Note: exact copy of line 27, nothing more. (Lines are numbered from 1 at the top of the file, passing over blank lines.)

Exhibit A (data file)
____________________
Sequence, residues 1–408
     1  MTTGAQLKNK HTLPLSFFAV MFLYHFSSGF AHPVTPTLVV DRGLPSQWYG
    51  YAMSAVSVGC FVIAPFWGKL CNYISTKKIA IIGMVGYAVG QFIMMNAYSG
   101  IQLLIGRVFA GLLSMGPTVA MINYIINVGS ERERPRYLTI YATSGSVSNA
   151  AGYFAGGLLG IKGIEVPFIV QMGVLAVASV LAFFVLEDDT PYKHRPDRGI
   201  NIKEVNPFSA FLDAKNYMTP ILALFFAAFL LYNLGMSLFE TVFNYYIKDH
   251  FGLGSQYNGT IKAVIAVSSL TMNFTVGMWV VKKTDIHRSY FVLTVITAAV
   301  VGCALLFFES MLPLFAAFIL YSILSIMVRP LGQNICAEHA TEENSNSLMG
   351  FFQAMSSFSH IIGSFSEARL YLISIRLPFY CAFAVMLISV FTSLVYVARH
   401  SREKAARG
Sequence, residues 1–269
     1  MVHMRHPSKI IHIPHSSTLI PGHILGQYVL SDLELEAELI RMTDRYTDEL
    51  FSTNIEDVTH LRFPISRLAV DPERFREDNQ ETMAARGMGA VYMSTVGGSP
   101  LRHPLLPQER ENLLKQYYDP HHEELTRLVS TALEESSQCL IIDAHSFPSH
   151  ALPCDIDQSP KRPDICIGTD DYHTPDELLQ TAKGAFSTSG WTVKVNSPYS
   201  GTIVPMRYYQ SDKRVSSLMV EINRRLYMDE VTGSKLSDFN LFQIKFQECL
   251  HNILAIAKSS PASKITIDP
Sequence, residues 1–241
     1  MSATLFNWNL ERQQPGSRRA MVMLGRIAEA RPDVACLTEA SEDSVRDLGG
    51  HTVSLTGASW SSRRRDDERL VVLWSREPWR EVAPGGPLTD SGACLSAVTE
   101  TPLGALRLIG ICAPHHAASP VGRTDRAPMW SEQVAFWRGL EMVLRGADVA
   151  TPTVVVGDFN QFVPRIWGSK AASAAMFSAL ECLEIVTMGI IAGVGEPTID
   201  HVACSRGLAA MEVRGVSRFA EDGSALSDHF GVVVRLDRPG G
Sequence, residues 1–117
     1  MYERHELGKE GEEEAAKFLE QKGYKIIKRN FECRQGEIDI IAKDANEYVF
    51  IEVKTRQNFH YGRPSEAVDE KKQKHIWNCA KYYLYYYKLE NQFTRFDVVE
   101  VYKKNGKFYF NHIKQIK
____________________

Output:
   101  VYKKNGKFYF NHIKQIK